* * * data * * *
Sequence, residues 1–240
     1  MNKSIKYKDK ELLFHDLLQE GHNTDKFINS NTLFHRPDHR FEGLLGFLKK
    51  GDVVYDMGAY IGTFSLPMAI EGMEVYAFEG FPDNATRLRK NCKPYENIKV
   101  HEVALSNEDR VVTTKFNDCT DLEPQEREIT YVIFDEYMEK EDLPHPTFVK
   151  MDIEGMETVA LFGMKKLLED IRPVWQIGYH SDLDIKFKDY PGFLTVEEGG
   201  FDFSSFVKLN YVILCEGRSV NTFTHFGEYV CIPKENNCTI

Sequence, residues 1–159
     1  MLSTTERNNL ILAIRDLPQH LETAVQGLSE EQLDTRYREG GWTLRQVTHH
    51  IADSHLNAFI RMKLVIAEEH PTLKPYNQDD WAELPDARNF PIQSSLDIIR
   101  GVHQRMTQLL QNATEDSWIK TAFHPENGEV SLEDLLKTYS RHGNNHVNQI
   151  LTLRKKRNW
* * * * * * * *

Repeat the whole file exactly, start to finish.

Sequence, residues 1–240
     1  MNKSIKYKDK ELLFHDLLQE GHNTDKFINS NTLFHRPDHR FEGLLGFLKK
    51  GDVVYDMGAY IGTFSLPMAI EGMEVYAFEG FPDNATRLRK NCKPYENIKV
   101  HEVALSNEDR VVTTKFNDCT DLEPQEREIT YVIFDEYMEK EDLPHPTFVK
   151  MDIEGMETVA LFGMKKLLED IRPVWQIGYH SDLDIKFKDY PGFLTVEEGG
   201  FDFSSFVKLN YVILCEGRSV NTFTHFGEYV CIPKENNCTI

Sequence, residues 1–159
     1  MLSTTERNNL ILAIRDLPQH LETAVQGLSE EQLDTRYREG GWTLRQVTHH
    51  IADSHLNAFI RMKLVIAEEH PTLKPYNQDD WAELPDARNF PIQSSLDIIR
   101  GVHQRMTQLL QNATEDSWIK TAFHPENGEV SLEDLLKTYS RHGNNHVNQI
   151  LTLRKKRNW